John Collier, Jr. grew up around Taos, as his father was a social activist who later served as the Commissioner of Indian Affairs from 1933 to 1945. When Collier was twelve, he was apprenticed to Maynard Dixon, a well-known painter, but it was Dixon’s wife, Dorothea Lange, who introduced him to photography. In the 1930s, he spent time with the photographer Paul Strand and set up his first photographic studio in Strand’s old darkroom in Taos. From 1941 to 1943, Collier worked as a photographer with the Farm Securities Administration and the Office of War Information documenting many areas around the eastern U.S and northern New Mexico, particularly the communities of Cebolla, Truchas, Peñasco and Picuris; he also documented the Navajo Reservation from 1938-1972. One of the recurrent themes of Collier’s work is the use of photography and film in the analysis of educational processes.

William Lumpkins was born on the Rabbit Ears Ranch in Clayton, New Mexico. His early education came from a tutor who instilled a lasting interest in Zen Buddhism in the young artist. When his education moved him to Roswell in 1924, he met Peter Hurd, and the two young artists spent much time sketching together with Hurd coaching Lumpkins in his early efforts. Lumpkins’ abstract work began in early 1930, inspired by a group of watercolors by John Marin. When Lumpkins moved to Santa Fe in 1935, he met Raymond Jonson and became involved with the Transcendentalist Painting Group, committed to the philosophy that one achieved artistic fulfillment by going beyond sense experience into spiritual realms. Lumpkins, a key figure in the Santa Fe art community as both artist and architect, was also a pioneer of passive solar architecture and founded the Santa Fe Art Institute in 1985.

Lumpkins was a true “Renaissance man”, meaning he could do many different things well. He was a well-known modernist painter, a talented architect, furniture maker and teacher, an author, and a champion of passive solar adobe design well before anyone else. Lumpkins was born and raised on a ranch in eastern New Mexico and, after studying architecture briefly in California, a long term New Mexico resident.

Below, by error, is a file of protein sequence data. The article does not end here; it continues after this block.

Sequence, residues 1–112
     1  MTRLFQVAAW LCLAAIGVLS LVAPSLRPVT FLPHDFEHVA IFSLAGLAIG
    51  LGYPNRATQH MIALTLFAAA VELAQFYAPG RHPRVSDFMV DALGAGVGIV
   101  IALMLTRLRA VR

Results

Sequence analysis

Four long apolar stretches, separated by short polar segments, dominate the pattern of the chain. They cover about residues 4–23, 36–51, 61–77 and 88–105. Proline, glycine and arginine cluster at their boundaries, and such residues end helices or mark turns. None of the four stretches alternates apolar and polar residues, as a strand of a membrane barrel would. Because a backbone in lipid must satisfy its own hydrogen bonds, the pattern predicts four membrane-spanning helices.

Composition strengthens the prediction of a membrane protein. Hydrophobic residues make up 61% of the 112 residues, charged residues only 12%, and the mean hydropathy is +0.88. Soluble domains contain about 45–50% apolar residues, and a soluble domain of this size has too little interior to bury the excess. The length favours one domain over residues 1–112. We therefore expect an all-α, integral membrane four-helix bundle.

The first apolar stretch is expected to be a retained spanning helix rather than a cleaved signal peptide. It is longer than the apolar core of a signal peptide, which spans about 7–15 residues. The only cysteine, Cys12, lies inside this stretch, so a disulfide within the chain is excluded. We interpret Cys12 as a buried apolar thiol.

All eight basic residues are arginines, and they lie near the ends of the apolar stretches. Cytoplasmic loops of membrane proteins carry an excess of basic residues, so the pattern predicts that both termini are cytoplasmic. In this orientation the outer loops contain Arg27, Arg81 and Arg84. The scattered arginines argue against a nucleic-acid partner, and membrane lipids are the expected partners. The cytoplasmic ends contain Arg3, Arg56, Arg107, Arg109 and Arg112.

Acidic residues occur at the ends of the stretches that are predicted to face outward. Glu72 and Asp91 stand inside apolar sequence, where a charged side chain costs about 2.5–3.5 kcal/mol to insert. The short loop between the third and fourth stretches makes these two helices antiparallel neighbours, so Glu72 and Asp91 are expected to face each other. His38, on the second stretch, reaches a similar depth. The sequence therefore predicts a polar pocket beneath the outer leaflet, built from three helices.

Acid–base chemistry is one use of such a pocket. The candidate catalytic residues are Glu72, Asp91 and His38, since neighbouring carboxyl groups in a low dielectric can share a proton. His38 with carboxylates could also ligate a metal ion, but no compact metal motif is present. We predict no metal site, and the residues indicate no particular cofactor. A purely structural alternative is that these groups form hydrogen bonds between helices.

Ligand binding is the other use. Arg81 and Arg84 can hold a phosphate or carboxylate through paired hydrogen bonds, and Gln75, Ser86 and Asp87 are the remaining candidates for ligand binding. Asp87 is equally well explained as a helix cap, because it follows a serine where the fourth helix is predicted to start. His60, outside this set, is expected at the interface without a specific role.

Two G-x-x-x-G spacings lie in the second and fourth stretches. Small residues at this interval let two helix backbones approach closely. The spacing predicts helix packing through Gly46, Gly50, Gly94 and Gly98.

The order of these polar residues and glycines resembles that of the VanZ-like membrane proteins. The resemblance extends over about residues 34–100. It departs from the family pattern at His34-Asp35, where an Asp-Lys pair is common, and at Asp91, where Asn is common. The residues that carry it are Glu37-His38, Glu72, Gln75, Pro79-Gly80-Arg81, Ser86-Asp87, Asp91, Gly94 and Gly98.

Leon Trousset remains a mystery, with the details of his life mostly unknown. He was born in France around 1838 (exact date unknown) and died in Juarez, Mexico in 1917. Trousset’s work can be conveniently divided into three periods that generally correspond to the time he spent traveling across Texas (Fall 1867), up and down California (1874-1876) and along the Camino Real (1882-1886 or 1887). What we do know has been learned from studying his paintings and poems, though there is not many of either.

Connected Collections

Art & Architecture

Subjects
Adobe Architecture, Chaco Canyon, First Peoples, Pueblo Peoples, 19th Century History, 20th Century History, Railroads, The Santa Fe Trail, Post-Statehood, Spanish Pueblo Architecture, Spanish Colonial Art, Spanish Colonial Period
Content Types

New Mexico Art Tells New Mexico History

This collection features content that we have transferred to The Humanities Project from our former online educational resource, New Mexico Art Tells New Mexico History.

Subjects
Adobe Architecture, Chaco Canyon, First Peoples, Pueblo Peoples, 20th Century History, Migration, Route 66
Content Types